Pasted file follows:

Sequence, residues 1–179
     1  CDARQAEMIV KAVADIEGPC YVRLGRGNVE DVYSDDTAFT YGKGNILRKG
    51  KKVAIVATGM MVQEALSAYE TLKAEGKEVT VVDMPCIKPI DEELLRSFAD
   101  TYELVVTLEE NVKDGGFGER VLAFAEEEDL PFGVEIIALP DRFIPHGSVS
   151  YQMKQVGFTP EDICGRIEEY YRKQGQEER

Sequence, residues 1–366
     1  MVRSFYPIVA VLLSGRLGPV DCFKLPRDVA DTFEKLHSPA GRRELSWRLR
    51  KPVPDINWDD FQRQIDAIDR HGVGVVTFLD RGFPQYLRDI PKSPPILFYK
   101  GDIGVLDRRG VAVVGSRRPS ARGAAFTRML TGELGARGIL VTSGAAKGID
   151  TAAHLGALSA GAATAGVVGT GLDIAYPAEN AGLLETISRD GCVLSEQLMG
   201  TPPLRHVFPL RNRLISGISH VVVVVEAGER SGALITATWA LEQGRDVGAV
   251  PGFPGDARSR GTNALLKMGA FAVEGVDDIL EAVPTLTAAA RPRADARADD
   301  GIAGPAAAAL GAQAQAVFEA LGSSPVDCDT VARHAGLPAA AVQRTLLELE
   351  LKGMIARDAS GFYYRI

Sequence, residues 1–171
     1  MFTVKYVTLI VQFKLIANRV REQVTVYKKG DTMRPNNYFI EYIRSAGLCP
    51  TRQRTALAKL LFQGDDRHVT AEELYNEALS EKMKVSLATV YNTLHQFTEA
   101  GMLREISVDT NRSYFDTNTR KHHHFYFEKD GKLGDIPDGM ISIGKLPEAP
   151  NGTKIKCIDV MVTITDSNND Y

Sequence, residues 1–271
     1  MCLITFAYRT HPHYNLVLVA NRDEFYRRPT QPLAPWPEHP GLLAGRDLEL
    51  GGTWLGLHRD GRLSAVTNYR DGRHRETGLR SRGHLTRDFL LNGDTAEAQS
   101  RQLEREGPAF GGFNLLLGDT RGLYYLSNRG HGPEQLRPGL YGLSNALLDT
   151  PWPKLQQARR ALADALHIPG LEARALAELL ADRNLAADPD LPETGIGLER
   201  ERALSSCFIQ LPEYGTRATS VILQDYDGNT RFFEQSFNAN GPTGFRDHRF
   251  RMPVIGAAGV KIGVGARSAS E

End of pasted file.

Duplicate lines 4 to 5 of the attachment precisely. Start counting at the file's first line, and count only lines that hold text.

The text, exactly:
   101  TYELVVTLEE NVKDGGFGER VLAFAEEEDL PFGVEIIALP DRFIPHGSVS
   151  YQMKQVGFTP EDICGRIEEY YRKQGQEER